Among the latter is Brad Lynch, of Brininstool + Lynch, whose own GGC-built house earned a 2008 Distinguished Building Award from AIA Chicago. A radical exploration of those possibilities of the standard Chicago urban lot, Lynch’s house takes the form of a glass-ended, oblong box. “These are the biggest residential windows in the country,” says Goldberg, noting the 10-foot-by-14-foot, 2,500-pound glass end walls of the great room, which stretches the full depth of the building. The tubelike building section required three steel moment frames, and the house’s long, unbroken interior surfaces demanded virtual perfection in execution. Lynch says that when he builds a house outside of Chicago, he looks for a commercial builder. “A residential contractor will look at our drawings and not even know what they’re looking at,” he says. “Back home in Chicago there are a number of high-end residential contractors who can handle this kind of thing, and Jake is one of them. I’ve worked with him for a long time, and he’s gotten better and better.”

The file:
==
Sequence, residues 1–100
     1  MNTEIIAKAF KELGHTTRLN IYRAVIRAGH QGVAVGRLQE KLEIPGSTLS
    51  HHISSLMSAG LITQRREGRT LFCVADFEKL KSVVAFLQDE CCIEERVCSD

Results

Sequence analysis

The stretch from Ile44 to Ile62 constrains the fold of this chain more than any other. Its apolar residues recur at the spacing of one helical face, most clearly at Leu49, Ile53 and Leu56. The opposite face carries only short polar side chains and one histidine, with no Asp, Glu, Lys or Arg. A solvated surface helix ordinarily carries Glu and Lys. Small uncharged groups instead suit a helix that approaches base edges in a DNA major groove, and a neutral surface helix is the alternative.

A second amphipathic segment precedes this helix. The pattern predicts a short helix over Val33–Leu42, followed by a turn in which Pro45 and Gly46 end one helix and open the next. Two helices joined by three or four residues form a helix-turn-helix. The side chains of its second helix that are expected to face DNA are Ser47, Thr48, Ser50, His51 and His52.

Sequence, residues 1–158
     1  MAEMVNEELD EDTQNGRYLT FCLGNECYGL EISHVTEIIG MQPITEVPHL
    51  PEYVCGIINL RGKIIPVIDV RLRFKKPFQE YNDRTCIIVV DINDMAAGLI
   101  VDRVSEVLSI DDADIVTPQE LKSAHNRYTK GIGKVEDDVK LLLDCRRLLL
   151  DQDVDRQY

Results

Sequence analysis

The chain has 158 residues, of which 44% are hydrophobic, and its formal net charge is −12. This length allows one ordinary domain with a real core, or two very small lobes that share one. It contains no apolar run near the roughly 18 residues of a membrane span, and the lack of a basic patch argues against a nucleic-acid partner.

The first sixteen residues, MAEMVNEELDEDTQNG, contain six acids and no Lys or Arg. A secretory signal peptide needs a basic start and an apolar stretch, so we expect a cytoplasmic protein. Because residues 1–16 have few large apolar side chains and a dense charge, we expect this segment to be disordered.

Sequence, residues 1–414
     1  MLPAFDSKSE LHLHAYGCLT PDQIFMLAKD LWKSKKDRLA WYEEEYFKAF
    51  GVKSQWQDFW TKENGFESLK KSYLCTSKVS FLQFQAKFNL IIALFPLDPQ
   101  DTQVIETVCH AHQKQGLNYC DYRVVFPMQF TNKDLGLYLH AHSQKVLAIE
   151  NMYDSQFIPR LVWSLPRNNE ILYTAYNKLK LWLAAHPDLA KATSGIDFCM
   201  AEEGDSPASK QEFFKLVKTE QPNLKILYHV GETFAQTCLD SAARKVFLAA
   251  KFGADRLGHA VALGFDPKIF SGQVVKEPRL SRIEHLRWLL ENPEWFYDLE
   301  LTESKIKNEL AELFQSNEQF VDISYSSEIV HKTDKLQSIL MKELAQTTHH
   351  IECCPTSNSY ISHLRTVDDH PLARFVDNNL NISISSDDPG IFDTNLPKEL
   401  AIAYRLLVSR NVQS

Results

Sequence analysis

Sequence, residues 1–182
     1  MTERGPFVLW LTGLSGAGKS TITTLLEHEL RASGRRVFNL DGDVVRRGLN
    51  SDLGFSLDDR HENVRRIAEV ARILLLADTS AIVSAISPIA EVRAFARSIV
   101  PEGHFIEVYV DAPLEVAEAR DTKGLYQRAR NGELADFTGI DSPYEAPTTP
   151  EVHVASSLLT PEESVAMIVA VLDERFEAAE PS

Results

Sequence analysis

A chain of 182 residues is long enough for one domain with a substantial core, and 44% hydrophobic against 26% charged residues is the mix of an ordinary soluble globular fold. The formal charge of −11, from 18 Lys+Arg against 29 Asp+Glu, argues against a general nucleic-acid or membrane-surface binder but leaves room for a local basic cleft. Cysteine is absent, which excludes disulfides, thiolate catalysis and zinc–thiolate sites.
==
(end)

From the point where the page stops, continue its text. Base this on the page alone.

Positive regard among architects gets GGC on the bid list (which has allowed the company to avoid layoffs and maintain its business model in the current recession), but Goldberg is leveraging it to bypass bidding entirely. On the Vinic apartment job, he reports, Vinci said, “We want to work with Goldberg. GGC is going to be the contractor.’ That’s the ideal kind of project for us. It’s all about trust and who we’re working with, rather than who’s the lowest bidder.” It also gets the company in at the planning stage, when its value engineering input does the most good. But even with clients who are reluctant to go to construction without a bid, GGC’s connections can get it in on the ground floor with a paid consulting relationship during design development. “It gives the architect and client a chance to get to know us, see what we bring to the table, develop a level of trust,” Goldberg explains. “And by the time we get to the bid process, we have the upper hand.”